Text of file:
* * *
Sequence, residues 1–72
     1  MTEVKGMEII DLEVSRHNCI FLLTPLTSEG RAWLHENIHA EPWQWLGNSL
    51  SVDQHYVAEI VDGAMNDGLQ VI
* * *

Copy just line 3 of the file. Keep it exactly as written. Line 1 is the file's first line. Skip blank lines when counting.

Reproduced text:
    51  SVDQHYVAEI VDGAMNDGLQ VI